Plagued by the deaths of my local bagel sources, I went to Brick Lane to investigate. A modest laminated sign suggested Beigel Shop was closed for maintenance – but the Evening Standard’s courts correspondent reports that the building has been repossessed under a High Court notice. Have 169 years of hand-twisted history come to an end?

As people move, local delicacies slip away and culinary trends shift. Between the wars, Jewish cockneys headed to the suburbs – returning to the city, as a few still do, to pick up heimischkeit (home-style produce). By the late Fifties, Bangladeshis began arriving to work as tailors – as Jews had done before them – then started setting up their own catering businesses.

Now the ever-gentrifying Brick Lane – where Beigel Shop sits empty – is also the scene of the decline of the curry house. From its mid-Noughties peak, the number of South Asian restaurants and cafés on the street dropped 62 per cent in just 15 years. An artisanal chocolatier emits its bitter fumes where the street’s first “Indian”, the Clifton, was established in 1974. The owners find their descendants no longer want to graft in the steamy kitchens that earned their family’s keep. “Our new generation are not interested in the curry industry,” Shams Uddin, Brick Lane’s longest-serving restaurateur, told me. “They have choice, they are studying. They want a 38-hour-a-week job, thank you very much.”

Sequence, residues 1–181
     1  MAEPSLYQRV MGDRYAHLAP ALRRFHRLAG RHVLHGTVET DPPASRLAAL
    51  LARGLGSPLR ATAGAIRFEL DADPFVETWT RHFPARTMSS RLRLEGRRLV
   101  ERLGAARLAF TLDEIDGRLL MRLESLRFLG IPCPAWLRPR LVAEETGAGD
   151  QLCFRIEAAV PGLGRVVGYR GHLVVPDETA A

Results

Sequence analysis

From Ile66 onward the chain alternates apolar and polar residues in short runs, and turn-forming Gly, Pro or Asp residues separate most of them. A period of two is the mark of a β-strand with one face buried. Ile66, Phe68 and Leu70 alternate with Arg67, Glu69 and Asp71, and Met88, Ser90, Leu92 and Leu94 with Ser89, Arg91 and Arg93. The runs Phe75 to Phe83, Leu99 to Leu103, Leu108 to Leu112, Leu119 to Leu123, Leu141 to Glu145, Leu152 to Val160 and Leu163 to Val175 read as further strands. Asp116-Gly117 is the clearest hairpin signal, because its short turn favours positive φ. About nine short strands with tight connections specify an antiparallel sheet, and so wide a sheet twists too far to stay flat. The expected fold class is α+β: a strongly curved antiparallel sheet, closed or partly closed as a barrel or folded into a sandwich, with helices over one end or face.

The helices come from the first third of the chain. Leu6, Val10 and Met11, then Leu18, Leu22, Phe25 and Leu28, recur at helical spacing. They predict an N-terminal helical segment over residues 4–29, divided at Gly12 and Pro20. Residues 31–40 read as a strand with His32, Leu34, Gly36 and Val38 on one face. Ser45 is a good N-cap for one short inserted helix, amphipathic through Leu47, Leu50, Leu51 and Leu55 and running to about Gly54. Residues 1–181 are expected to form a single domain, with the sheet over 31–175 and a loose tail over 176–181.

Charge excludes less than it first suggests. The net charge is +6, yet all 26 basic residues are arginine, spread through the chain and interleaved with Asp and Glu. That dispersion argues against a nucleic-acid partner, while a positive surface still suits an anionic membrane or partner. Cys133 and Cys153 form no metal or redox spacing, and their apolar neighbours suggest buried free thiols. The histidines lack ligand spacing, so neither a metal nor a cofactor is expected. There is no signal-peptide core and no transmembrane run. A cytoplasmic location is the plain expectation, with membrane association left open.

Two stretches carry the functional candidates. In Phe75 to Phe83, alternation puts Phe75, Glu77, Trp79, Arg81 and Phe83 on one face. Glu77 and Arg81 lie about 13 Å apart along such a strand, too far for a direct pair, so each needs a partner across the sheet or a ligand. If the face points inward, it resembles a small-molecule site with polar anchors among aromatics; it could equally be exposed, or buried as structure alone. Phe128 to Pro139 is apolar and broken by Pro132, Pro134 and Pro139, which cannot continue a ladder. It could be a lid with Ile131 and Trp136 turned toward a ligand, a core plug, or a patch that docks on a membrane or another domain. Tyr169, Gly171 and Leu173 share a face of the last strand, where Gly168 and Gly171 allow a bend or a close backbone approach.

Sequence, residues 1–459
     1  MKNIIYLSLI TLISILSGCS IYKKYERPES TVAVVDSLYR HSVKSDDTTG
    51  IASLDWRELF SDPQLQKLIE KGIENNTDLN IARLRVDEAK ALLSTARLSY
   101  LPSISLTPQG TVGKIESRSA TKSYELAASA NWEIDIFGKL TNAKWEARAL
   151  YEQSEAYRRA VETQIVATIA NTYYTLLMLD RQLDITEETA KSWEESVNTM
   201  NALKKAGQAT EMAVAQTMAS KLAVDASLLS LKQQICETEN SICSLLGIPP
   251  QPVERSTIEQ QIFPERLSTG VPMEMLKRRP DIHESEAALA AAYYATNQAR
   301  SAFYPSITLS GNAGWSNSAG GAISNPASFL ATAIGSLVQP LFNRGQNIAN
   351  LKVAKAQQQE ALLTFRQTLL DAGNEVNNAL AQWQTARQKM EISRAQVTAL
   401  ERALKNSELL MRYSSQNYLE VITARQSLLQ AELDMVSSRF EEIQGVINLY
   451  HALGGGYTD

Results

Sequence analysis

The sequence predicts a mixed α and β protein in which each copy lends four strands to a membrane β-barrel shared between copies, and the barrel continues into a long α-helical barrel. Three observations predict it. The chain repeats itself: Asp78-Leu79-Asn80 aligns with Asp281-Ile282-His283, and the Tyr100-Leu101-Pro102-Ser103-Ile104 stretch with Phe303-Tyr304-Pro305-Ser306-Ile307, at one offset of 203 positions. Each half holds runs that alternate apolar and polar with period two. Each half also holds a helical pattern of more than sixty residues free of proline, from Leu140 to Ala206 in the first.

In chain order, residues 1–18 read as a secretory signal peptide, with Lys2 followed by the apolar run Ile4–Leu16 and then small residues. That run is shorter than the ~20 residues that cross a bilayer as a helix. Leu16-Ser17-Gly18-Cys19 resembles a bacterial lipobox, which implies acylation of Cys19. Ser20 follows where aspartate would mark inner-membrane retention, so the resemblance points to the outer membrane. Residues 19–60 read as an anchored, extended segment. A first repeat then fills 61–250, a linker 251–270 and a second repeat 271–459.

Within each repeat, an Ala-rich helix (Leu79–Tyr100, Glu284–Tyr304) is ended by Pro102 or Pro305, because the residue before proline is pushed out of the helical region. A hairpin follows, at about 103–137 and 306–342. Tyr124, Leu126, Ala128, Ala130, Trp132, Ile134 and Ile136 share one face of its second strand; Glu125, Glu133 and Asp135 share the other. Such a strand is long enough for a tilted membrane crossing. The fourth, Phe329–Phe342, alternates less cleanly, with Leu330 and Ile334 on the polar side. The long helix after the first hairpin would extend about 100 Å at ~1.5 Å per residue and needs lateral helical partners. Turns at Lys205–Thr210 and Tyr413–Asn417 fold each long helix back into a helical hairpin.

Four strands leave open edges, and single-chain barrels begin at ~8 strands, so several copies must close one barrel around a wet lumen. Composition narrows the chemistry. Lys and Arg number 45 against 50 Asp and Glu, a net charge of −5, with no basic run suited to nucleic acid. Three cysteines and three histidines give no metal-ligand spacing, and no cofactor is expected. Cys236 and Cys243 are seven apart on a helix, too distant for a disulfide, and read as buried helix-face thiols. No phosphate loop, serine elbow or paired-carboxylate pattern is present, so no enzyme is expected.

These may be natural shifts, but homogenised high streets are often the result. On 21 February, Historic England announced £875,000 of funding for “Everyday Heritage” grants to rescue such remnants of England’s working-class past – including recording oral histories of workers in London’s Chinatown, and re-establishing rhubarb forcing at a farm in Leeds’s “rhubarb triangle”.

Bagels were never my family tradition. But buying a handful each week to cram with my favourite fillings (smoked salmon, cream cheese, the all-important gherkin) reminded me of my own childhood customs. In my home suburb of Acton, we would go every weekend to the nearby “Lebanese shop” (again, it didn’t seem to have a name) to pick up a stack of freshly baked lahmajun – crispy Arabic flatbreads topped with herby spiced mincemeat – which would serve as lunch with a squeeze of lemon and slices of tomato. I hope the “Little Beirut” of kebab joints and baklava wholesalers that bustles around Acton’s industrial outskirts will survive the decades ahead, even if the clientele has changed.

[See also: It’s the housing market, stupid]

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This article appears in the 28 Feb 2024 issue of the New Statesman, The QE Theory of Everything